Store House opens in Manchester
Through their jobs with the Coffee County Drug Court Program, Sheila Barrera and Staria Davidson often come across people in need. And when the women realized just how many families in the area are struggling to put food on the table, they decided to do something about it.
The fruit of their labor, The Store House, an initiative providing free food for anybody in need, is now up and running at 600 Hickerson St. in Manchester,
Barrera is the coordinator of the Safe Baby Program, and Davidson works as coordinator of the Veterans Court. The Safe Baby and Veterans courts are two of the programs under the umbrella of the Coffee County Drug Court Foundation.
The Store House is based in one of the drug court foundation’s buildings, which houses offices of the Safe Baby and Veterans Court programs.
How did it start?
“We just saw the need, so we opened the food pantry in August,” Davidson said.
The initiative was launched in August, after a man knocked on the door to ask Davidson for food.
“We had a young man that came to our office, and he said he was hungry,” Davidson said. “He had been let out of jail and he had no money and nowhere to go.”
That day, Davidson bought groceries for the man.
Davidson and Barrera tried to come up with a plan to battle the hunger that affects too many families and individuals in the community.
“I talked to Sheila, and we said, ‘We can’t have this – this is the land of plenty’,” Davidson said. “After that, Sheila and I started talking, and we got in touch with Tom Henry, executive director of Feed America First.”
Based in Murfreesboro, Feed America First receives food donations from manufacturers, producers and retailers, and then distributes them to organizations such as food pantries, soup kitchens and shelters.
Feed America First offered to help, and the Store House was launched. Davidson and Barrera started going to Murfreesboro once a week to bring back food items to stock The Store House.
“They gave us free food, so we started giving it out,” Davidson said.
Davidson also asked local businesses and grocery stores, including Kroger and Publix, for support, and they were glad to help.
“We get scratch-and-dent items, day-old bread, and anything they cannot sell but that is still edible,” Davidson said.
The Store House also recently signed a contract with Arnold Air Force Base, and now receives items from the AEDC commissary.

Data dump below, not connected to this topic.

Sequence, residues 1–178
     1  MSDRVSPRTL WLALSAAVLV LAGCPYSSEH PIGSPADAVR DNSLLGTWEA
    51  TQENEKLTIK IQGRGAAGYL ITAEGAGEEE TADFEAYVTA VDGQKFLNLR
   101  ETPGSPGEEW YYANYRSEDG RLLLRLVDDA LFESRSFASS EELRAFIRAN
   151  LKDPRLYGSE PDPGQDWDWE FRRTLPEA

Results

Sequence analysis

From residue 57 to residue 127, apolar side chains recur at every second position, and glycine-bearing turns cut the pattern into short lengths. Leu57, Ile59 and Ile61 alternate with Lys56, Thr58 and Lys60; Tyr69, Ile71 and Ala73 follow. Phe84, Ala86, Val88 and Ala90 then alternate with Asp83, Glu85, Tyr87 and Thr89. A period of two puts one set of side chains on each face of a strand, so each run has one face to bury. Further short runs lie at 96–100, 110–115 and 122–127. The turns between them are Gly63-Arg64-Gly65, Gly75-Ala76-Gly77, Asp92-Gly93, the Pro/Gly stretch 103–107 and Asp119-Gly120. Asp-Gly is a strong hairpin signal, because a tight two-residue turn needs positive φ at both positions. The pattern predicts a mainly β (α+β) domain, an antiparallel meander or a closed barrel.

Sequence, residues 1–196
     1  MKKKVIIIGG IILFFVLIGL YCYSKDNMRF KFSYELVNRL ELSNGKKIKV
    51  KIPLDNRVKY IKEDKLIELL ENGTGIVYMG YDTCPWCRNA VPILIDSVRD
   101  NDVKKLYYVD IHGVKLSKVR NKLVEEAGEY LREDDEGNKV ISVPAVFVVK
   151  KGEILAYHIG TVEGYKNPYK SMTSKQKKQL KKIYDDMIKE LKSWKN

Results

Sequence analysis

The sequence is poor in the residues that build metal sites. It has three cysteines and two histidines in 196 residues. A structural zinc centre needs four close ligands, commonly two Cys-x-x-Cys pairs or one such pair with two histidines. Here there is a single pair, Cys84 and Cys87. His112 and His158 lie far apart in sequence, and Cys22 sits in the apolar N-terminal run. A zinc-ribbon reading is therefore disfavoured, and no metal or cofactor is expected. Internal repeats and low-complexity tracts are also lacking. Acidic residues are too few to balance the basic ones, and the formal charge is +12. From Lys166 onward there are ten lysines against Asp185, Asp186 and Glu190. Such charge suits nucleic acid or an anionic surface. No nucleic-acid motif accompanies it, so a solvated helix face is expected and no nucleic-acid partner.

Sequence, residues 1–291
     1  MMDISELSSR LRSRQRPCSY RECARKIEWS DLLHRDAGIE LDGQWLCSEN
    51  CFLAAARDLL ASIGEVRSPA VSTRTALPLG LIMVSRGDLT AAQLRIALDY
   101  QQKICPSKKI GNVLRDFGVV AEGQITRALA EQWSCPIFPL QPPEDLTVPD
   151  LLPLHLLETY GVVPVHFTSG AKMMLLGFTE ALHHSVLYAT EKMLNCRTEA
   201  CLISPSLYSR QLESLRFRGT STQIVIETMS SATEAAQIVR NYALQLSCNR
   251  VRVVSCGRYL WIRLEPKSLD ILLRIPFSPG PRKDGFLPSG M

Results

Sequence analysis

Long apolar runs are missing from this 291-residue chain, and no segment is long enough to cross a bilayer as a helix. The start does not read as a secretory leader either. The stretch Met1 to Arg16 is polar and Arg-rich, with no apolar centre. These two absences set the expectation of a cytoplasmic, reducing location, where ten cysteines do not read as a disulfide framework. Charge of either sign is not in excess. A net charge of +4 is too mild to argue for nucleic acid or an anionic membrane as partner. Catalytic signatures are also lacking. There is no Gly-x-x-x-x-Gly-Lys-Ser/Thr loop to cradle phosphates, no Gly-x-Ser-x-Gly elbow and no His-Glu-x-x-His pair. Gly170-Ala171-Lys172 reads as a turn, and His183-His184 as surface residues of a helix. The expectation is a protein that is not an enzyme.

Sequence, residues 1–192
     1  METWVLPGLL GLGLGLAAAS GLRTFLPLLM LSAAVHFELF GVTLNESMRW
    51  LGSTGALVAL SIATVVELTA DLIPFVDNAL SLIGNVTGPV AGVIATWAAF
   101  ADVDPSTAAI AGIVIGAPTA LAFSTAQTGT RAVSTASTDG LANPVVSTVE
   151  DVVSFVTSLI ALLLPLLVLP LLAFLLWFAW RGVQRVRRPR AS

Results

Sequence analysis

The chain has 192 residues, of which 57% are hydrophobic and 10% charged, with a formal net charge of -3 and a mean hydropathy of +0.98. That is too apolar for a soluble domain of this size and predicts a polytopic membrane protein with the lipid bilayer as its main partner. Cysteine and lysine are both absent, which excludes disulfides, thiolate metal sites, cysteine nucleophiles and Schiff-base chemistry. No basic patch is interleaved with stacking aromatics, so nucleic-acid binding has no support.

“We also partner with Good Samaritan of Manchester and Tullahoma, Food Lion, Walmart, Donut Palace, Sonic Drive-In and Prater’s Bar-B-Que of Manchester, and Route 55 BBQ of Tullahoma,” Davidson said.
Anyone is welcome
Davidson invites anyone in need of groceries to visit the Store House between 1 and 4 p.m. on Wednesdays.
Though Wednesday afternoon is the most convenient time, food donations are available any day, added Davidson.
“Anybody can come for food,” Davidson said. “It gets bigger and bigger. Last Wednesday, we served 54 families.”
Davidson said it’s unacceptable to leave individuals hungry, when there is a great quantity of goods.
“There are people that need help, and we just have an abundance,” Davidson said.
Thanks to the initiative, some individuals who have found themselves in rough situations can focus on rebuilding their lives, said Barrera.
“We are feeding about 100 families a week, at least,” Barrera said. “Anytime, if somebody comes and says ‘I am hungry,’ we fix them a box. We don’t put a limit on what we give out. If you are hungry and have to repair your car, you have to choose between going to work and feeding your family – it shouldn’t be like that. So we give out every day.”
The Store House also provides an essential source of support for some of the individuals who are in the programs of the drug court foundation.
“We have families that are in our recovery programs – if they don’t have food to eat, they can’t focus on their recovery,” Barrera said.
Barrera stressed the significance of helping people.
“It started becoming important when I saw people trying to put their lives back together, and they couldn’t even eat,” Barrera said. “That’s how it started.”
David Statum, coordinator for Family Treatment Court, another program under the umbrella of the drug court foundation, added, “if somebody is hungry it’s hard for them to focus on who they are supposed to be and do the work they are supposed to do.”
“If people have food, they can go and do the things they need to do,” Statum said. “If they are in school, they can learn; if they are at work, they can work – their mind will be more set to learn and to grow and to bless other people.”
For more information, call Barrera at 931-636-8660 or Davidson at 931-247-5272.
Elena Cawley may be reached via email at email@example.com.